We had a year of incredible change. COVID-19 has turned our routines and expectations of what can and can not be done upside down. Because of these changes you, your friends, or family members might have gotten seriously ill. You might have lost loved ones, your job, your direction in life or sense of safety. Or, alternatively, last year brought you a sense of relief from too much pressure, insights into what really matters and a heightened sense of connectedness with others and the world. At the moment we are in transition again from lockdown. You might welcome this with open arms, or you feel uneasy and uncertain about what might happen next.
Change is like this. How we relate to change (as a desired blessing, or an unwanted curse) depends on what the change means to us, how it impacts on us and whether we feel we have any choice in the matter. We need change, because change is an inherent aspect of life. Without change there is no life.
Here are some reasons why we often do not like change very much. Change contains several aspects that we find hard to be with. One is loss. Every change, even the most wanted change contains an element of loss. The more attached we are to things to be just so, the harder it feels to adjust to them changing. The loss feels too painful. Because of this even the anticipation of change can make us feel upset. Think of times when something came to an end, that you did not want to end. Quite often we are distressed, even before the change takes place, because we anticipated what we will loose. Loss is an integral part of change. But we often do not know how to cope with losses.
Losses obviously can be of different severity and therefore easier, or not so easy to come to terms with. It is on the whole a very subjective experience. What one person finds hard to lose another has no difficulty letting go off, and yet another is glad to lose this very thing, person or attribute. Also, some people are much more able to allow change to happen and to let go than others. In my experience mindfulness can help a lot to mitigate the fear and pain of loss. The more awareness we can bring to what we are holding onto, and why, the more understanding we have. And understanding leads to compassion for our predicament.
The other thing that causes us to dislike change is, that we all believe that we are in control of our lives. Change, especially change that we have not instigated challenges this very assumption. We fear not being in control. Feeling that we are in control gives us a sense of certainty. Change forces us to see that this sense of certainty and control is a mirage. Having to face our sense of powerlessness over our destiny, our lack of control and the uncertainty that accompanies change, is not easy. It causes us to feel a lot of fear, anger, or impotence (depending on whether you are going into fight, flight or freeze mode).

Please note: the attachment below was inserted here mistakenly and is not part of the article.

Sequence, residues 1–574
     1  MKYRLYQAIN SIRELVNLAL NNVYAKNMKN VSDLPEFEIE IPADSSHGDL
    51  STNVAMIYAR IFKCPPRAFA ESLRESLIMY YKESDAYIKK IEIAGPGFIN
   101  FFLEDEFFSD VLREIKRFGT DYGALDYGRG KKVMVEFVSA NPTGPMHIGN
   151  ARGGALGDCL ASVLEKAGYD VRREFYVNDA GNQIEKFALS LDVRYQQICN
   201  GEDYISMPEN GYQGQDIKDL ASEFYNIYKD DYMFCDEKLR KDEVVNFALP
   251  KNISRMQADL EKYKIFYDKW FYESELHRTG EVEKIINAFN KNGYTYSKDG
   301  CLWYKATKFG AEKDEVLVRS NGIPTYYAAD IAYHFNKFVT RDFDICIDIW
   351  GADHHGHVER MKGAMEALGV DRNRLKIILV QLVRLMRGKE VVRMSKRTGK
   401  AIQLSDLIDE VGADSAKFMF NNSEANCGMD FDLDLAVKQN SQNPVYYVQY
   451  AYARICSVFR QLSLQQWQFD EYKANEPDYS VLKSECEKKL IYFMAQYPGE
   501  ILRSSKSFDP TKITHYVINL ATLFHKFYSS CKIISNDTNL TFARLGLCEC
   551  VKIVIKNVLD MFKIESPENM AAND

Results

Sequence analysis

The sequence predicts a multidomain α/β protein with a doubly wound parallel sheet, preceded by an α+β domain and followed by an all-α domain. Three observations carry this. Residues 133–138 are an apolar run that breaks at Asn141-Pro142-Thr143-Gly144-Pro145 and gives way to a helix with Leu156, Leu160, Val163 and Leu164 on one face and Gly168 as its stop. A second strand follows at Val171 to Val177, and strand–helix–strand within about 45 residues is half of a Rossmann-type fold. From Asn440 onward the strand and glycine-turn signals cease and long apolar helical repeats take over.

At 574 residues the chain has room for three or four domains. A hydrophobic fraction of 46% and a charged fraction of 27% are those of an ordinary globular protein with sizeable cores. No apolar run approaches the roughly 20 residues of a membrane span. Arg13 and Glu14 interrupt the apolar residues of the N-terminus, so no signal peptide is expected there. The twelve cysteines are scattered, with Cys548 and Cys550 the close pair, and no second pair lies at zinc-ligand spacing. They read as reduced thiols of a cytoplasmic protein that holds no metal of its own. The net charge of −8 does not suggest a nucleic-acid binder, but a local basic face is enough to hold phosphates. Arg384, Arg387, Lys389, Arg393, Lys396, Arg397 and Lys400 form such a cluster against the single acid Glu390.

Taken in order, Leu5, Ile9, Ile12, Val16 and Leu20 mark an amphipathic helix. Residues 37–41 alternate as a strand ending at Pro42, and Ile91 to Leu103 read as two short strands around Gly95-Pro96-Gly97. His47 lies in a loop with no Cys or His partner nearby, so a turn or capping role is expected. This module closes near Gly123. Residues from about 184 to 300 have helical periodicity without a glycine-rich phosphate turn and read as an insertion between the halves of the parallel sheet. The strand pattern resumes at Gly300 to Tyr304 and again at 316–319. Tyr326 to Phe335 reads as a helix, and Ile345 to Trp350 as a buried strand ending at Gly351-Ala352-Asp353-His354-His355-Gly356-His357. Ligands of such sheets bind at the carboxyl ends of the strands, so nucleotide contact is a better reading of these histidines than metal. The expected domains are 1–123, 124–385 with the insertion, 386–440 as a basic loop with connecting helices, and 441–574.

The best way to take the sting out of these feelings is to be aware that they are there. The ‘simple’ acknowledgement that this is what we feel and being able to hold these feelings with acceptance, can make a huge difference to how we experience them. I have put simple in inverted commas, because even acknowledging what we feel might not be as simple as it sounds. Saying ‘yes’ to feeling our fear, anger or sense of impotence is a great act of courage. If we can accept the this is how we feel, we create a bit of spaciousness that then allows us to investigate where these feelings are coming from. If we can lean into these feelings with acceptance – at least temporarily – those feelings will begin to lessen.
Working with our relationship to change is a lifelong task. I think it is a most valuable pursuit, because if we can learn to keep our equilibrium with small changes, over time we will also be able to stay more open to any bigger changes that will come our way. If you think this is something you want to explore for yourself, I suggest you start with mindfully observing how small changes affect you. For example, notice how you respond to a sudden change in your normal route to work as a result of road works. Explore the feelings that accompany these small changes and hold them with compassion as much as you can. Investigate, what kind of assumptions and beliefs may be there that cause you to feel this way about the change. Can you create some spaciousness around them? Or even let them go?
I started of with the changes that a pandemic has forced on us. Ultimately the changes we fear most are old age, illness and death. Wouldn’t it be great if we could face these with grace and calm acceptance, rather than with fear, anger or denial? I think this is possible, but only if we keep practicing turning towards our discomfort around change in general and learn to feel at ease with that.
May you thrive in life!